Accolades for Fern Butters’ Key lime pie, Sombrero (the vanishing) Key & Browne v. Housman

Keys History - Gertrude Robinson standing on a beach - MatecumbeAccolades for Fern Butters’ Key lime pie 

While the lovely Barbara Cockerham is Islamorada’s current Key Lime Pie Lady, she was not the first. 

The original was Fern Butters, whom writer Nancy Powell wrote about in a Nov. 1, 1969 edition of The Key West Citizen: “For 40 years writers from all over the country have been glorifying the name of Islamorada’s Fern Butters mainly because she more or less ‘invented’ the Key lime pie.”

Fern Butters did not invent the tart Florida Keys delicacy, though she does have a hand in the beloved pie’s history. Though not the first Key lime pie served in the Florida Keys, it was perhaps the most celebrated. 

Butters served her first Key lime pie in 1926, after discovering a grove of lime trees in the property bordering the Butterses’ first motel, the Key Inn, built along a burgeoning Overseas Highway. 

Their second Keys hotel was the Hotel Matecumbe, destroyed in the 1935 Labor Day Hurricane, and rebuilt a decade later as The Fern Inn. The building would be, for a time, home to MA’s Fish Camp, where Cockerham baked her Key lime pie in the same kitchen that Fern Butters once baked her world-famous dessert. Today, that building is occupied by Reefers gastropub. 


Keys History - A large body of water - Sombrero Key Light
Sombrero Key Lighthouse, named for a key that has been washed away. FLORIDA MEMORY PROJECT/Contributed

Sombrero (the vanishing) Key

While the coral reef it marks is called Sombrero Reef, the lighthouse placed atop it is not called Sombrero Lighthouse, but Sombrero Key Lighthouse. Though it has been washed away over time, there was once a little spit of land at the site. 

On early charts, the islet was identified as Cayo Sombrero. J.W. Norie, in his “Piloting Directions for the Gulf of Florida, the Bahama Bank, & Islands,” published in 1828, states: “About 5 miles S. 1/4 E. from the west end of Cayo Vacas, there is a small sandy kay on the reef, called by the Spaniards Cayo Sombrero; this is the easternmost kay on the reef.” 

Sombrero Key was also known as Dry Bank. In John Lee Williams’ early account of Florida, published in 1837, he described Kay Sombrero (Sombrero Key) as “the easternmost islet on the reef. It is situated six or seven miles N.E. from Bahia Honda, and four miles S.W. from Knight’s Key, the western key of the Vaccas group. It is but a patch of rock, covered with a few mangroves and pieces of wreck.” 


Keys History - A close up of text on a white background - Document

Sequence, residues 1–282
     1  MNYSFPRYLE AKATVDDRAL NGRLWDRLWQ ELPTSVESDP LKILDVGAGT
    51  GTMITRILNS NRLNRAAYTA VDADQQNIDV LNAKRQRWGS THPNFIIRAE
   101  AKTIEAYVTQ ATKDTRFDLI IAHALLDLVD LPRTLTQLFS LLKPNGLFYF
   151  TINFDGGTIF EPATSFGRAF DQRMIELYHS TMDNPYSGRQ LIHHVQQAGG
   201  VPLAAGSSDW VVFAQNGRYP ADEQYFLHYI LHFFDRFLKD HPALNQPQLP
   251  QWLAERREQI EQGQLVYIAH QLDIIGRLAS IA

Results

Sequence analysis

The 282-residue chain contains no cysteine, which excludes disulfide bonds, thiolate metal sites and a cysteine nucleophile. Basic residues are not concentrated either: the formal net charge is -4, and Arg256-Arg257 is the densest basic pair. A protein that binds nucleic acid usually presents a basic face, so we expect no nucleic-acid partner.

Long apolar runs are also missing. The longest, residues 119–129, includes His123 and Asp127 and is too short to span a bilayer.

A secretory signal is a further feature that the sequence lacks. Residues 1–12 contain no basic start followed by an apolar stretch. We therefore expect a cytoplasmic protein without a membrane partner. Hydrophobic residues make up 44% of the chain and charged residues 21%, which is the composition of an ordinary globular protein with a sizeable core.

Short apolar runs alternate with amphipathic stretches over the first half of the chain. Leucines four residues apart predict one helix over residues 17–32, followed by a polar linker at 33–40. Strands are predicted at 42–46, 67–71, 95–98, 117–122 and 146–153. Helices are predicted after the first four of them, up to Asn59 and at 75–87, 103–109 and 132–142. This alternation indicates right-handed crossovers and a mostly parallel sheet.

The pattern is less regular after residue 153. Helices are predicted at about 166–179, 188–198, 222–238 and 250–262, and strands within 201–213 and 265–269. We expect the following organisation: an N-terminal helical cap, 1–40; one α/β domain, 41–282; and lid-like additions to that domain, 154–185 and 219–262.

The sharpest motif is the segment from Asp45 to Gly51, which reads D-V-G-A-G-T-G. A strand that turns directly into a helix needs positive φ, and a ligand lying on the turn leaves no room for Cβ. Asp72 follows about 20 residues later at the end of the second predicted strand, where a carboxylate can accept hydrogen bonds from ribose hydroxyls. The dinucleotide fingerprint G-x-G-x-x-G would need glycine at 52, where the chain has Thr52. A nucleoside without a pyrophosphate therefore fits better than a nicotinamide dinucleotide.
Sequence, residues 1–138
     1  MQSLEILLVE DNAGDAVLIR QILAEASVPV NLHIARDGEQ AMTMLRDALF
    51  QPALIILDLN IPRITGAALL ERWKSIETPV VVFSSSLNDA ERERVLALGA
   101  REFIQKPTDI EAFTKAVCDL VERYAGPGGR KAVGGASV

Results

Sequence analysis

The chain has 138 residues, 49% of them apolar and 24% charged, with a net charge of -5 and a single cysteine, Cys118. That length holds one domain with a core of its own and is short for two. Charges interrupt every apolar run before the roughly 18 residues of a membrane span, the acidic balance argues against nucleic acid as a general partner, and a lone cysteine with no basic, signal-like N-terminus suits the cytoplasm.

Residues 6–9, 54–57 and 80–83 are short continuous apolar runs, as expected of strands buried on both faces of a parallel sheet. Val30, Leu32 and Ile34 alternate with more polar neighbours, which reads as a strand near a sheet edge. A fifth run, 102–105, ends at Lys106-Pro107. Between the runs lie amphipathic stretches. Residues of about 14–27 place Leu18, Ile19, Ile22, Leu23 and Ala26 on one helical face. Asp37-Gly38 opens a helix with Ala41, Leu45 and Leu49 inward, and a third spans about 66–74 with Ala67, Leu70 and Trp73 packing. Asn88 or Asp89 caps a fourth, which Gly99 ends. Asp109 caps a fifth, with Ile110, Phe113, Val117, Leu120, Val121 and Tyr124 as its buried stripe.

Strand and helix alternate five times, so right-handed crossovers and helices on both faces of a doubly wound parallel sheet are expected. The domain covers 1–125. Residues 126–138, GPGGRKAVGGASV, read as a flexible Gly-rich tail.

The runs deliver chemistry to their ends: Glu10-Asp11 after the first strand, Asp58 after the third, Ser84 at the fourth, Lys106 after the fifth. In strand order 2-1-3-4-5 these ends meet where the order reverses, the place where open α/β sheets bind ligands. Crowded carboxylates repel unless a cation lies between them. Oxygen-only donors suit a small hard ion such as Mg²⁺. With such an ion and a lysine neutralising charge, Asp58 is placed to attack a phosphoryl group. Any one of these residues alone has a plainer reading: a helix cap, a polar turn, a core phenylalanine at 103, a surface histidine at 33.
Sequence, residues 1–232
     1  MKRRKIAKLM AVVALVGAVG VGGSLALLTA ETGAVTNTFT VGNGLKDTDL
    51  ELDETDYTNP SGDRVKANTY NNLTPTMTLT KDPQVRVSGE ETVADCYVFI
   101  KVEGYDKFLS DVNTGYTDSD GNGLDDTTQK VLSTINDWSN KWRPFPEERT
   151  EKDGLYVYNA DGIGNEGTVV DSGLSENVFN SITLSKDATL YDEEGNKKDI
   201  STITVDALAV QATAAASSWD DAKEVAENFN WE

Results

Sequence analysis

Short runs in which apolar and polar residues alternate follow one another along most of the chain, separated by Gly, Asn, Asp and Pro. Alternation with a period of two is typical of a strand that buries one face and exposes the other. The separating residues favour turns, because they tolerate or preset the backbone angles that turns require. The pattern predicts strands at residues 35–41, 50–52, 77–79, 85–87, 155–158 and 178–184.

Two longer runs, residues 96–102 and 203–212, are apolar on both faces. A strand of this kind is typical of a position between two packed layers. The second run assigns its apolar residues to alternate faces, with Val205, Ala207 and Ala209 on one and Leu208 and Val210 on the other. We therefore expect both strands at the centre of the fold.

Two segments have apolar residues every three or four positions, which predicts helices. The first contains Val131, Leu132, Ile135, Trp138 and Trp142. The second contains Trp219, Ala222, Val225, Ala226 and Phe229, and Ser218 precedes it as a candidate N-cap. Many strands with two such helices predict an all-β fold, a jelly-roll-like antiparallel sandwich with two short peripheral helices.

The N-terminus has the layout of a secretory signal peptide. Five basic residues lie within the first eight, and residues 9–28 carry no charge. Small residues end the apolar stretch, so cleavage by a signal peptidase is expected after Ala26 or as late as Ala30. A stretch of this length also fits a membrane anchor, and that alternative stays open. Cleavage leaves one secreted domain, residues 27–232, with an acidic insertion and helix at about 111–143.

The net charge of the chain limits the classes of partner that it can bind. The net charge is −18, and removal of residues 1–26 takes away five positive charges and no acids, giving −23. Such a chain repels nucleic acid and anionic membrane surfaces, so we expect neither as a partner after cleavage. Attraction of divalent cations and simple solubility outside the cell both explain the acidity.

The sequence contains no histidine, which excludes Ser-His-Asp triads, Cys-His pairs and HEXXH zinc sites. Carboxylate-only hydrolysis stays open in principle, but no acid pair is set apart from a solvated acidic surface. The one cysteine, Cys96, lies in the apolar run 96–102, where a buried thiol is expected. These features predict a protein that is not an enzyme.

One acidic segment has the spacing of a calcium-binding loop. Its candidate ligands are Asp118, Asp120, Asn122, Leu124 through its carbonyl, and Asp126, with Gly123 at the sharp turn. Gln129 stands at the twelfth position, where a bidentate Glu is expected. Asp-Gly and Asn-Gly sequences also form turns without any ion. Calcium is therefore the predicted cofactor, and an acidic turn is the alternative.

The East Florida Herald published a letter from John Jacob Housman responding to claims by Fielding A. Browne. EAST FLORIDA HERALD

Browne v. Housman 

Fielding A. Browne opened a can of worms in 1825 when he publically accused wrecker John Jacob Housman, then of Key West, of breaking the law. 

Browne, a town merchant at the time, and Key West’s collector of customs, would later serve as the island’s second mayor. For his part, Housman and his crew salvaged the wreck of the Revenge. 

Wreckers were required to go to any American port-of-entry to register their salvage claim, and the ports at either St. Augustine or Key West would satisfy that requirement. Captain Housman chose not to take his claim to Key West, but to instead sail off to the more distant St. Augustine. Browne, thinking Housman was headed to South Carolina with the salvaged cargo, charged that Housman had “defied the civil and military authorities of this place to proceed to Charleston to dispose of his cargo.”

Housman replied to Browne’s charge, also publicly, with a letter published in the East Florida Herald on Oct. 29, 1825: “After I had saved all her cargo that was in my power, I proceeded directly to the port of St. Augustine, where the circumstances attending the salvage were investigated by the Admiralty Court of East Florida, and a portion of the property was decreed to me for salvage. The remainder of this property is in the registry of the said Court, subject to the application of the proper owner, and there the said F.A. Browne, may find it, if he has any authority to do so. I shall take another occasion to lay before the public, a history of the impartial and disinterested conduct of the gentlemen of many avocations at Key West, in their disposal of property falling under their control, and it will then be fairly understood whether there was most wisdom or folly in my giving a preference to a decision at St. Augustine over one at Key West.” 

It would not be the last time Housman and Key West would fail to see eye to eye.

Brad Bertelli is curator of the Keys History & Discovery Center.

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